Feeling fine

Design Week asked some senior figures from the digital media scene to suggest examples of Web design that they admired. While some went for the functional and usable, others went for the quirky and joyfully pointless

Daljit Singh, Creative director, Digit
www.joost.com Designed in-house

Joost, previously known as The Venice Project, is the brainchild of Niklas Zennström and Janus Friis, the team behind Skype. Joost is essentially a new way to watch television content on your computer; it has a simple interface and it works free of schedules. The company has signed content deals with some of the big TV studios, and carries material created by amateurs and enthusiasts as well as professionals. It’s all overlaid with some clever features that help you find and watch content, chat with friends and even create your own TV channels. I think this really could be the first, true Web 2.0 project.

Andrew Gorman, Creative director, Radley Yeldar
www.marumushi.com/apps/newsmap Designed by Marcos Weskamp

This website takes the headlines from Google news and visually maps them in order of importance, based on the number of people looking at each headline. Story types are categorised by colour and size. You can search the stories by country and type, and the site constantly changes, revealing the patterns of our interest in the news. In these target-obsessed times where everything has to be rationalised and justified, it’s lovely that this site serves no functional purpose. It’s simply the result of someone categorising our interest in ever-changing, easily available, fascinating content to create visual patterns.

Andy Hobsbawm, Chairman, Agency.com
www.senduit.com Designed by Davidville

Senduit.com is a magnificently simple interface that ‘does exactly what it says on the tin’. It’s clean, functional and beautiful, and reminds me of the classic Google homepage or Apple interface designs. Not so much ‘less is more’, but, as Milton Glaser puts it, ‘just enough is more’. In a similar vein, I also like the no-nonsense, blog-style, functional utility of www.mysociety.org sites like www.pledgebank.com and www.writetothem.com. By way of contrast, surely the most pointless interface in the history of interactive design must be Microsoft’s search engine ‘with a human face’, www.msdewey.com – words fail me.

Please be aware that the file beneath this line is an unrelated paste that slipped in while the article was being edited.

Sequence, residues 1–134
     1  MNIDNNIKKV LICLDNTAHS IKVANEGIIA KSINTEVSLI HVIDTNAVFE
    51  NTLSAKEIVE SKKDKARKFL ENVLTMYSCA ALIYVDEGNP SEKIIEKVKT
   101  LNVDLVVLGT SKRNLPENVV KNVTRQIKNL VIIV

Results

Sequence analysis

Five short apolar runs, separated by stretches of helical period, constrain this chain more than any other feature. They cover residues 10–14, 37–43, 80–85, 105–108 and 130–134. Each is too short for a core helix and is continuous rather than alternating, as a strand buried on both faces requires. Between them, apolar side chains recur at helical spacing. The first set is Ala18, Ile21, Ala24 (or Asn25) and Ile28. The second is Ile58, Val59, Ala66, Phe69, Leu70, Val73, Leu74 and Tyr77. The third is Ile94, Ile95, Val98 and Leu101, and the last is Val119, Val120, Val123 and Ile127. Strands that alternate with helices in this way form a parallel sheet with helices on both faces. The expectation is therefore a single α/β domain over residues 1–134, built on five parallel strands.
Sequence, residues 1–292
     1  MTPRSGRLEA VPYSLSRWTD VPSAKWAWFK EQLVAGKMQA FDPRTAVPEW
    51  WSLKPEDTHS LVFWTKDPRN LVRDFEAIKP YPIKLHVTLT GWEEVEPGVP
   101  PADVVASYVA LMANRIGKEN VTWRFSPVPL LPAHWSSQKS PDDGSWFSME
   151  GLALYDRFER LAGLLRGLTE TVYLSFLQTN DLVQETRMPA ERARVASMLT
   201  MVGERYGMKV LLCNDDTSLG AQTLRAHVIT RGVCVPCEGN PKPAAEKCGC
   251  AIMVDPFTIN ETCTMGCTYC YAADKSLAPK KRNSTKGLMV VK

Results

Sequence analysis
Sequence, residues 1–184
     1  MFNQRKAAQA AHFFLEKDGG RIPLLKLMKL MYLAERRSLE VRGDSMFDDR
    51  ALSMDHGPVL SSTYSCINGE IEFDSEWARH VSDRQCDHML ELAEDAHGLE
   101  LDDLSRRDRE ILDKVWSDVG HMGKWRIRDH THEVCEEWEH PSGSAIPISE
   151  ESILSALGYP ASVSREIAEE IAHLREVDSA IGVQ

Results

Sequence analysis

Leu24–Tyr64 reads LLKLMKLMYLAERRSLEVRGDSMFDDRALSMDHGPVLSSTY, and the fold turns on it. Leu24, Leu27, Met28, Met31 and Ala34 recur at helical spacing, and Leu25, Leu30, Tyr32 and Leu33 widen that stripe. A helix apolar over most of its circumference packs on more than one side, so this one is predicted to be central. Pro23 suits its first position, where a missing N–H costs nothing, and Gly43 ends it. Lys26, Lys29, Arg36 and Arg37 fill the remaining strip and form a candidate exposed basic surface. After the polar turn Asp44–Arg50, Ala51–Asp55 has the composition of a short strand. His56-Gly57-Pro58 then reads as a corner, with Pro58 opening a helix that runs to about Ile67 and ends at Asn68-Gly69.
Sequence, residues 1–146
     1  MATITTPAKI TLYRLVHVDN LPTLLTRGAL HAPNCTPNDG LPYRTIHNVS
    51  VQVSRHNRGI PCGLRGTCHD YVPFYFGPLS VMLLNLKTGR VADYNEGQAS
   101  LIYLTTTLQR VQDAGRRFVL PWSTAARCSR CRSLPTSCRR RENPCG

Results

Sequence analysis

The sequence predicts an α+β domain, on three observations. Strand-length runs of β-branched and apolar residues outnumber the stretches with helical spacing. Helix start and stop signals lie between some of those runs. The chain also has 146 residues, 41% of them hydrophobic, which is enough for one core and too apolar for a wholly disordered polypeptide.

Ranzie Anthony, Creative director, Tonic
www.wefeelfine.org Designed by Jonathan Harris and Sep Kamvar

Essentially, this is a Java applet that picks up live data from blogs based on how people are feeling. It allows you to filter it in different ways. As a piece of work it embodies many of the key elements that make a good piece of digital design. A strong concept, visually intriguing, great interaction and a clever use of technology. It’s a website I’ve been back to a few times.

Mat Cook, Design director, Intro
www.entrances2hell.co.uk Designed by JH Irvine

Most, if not all of the sites I browse on a regular basis, are not designed at all. I would be suspicious if they were, as the Internet works best for me when it is handmade and quirky, the product of one individual’s thought process. It’s a strange, mysterious place. Entraces2hell.co.uk is a place that just makes me laugh. Enjoy it.

Neil Svensen, Chief executive, Rufus Leonard
www.skype.com Designed in-house

You have to consider a lot of things when suggesting any digital medium that really makes a difference (and catches your eye). Usability is obviously the most important, but the look of the site, the quality of the content, how long you need to interact with it and what it gives you back are all critical. All these factors are clearly demonstrated in Skype’s new website. I recently got a new laptop and decided to download and install Skype. The last time I did this was about 18 months ago and it was a difficult experience, so my expectations were low. However, the experience couldn’t have been better, the instructions were extremely clear, the download time was minimal and it was installed quickly and without fuss. I think it took five minutes for my kids to be ‘Skyping’ their friends in Australia. Now that’s what I call good digital design.

Jane Walker, Senior creative director, Red Bee Media
www.jonathanyuen.com Designed by Jonathan Yuen

If you are looking for a moment of calm in the middle of a frantic day, check out Jonathan Yuen’s website. This lovely piece of work is simple and poetic, almost Zen-like. It may not have been the trickiest brief to crack, but this portfolio site, which showcases the designer’s talent, is special, very personal and refreshingly original. It does what all really good design should do: it makes you feel something – and it certainly made me smile. In summary, it has brilliant intuitive navigation, stunning black-and-white illustrations, good use of music, fluid animation style that really pushes the boundaries of flash-based design and is beautifully observed. What more can I say?

Ajaz Ahmed, Co-founder and chairman, AKQA
Sky Plus Designed in-house.

Sky Plus is capable of delivering multimedia-on-demand reality to everyone with a computer, mobile and TV. You can bring up the TV schedule on your mobile and record programmes using Sky Plus while you are on-the-go. Sky Anytime also lets you download films, sports and other programmes on to your laptop so you can watch them when you like. Everything is pretty, easy to use and – best of all – Sky Plus actually works. The future of TV is clearly not based around a programme schedule, but around watching what you want, when you want to, using the device you want to see it on.

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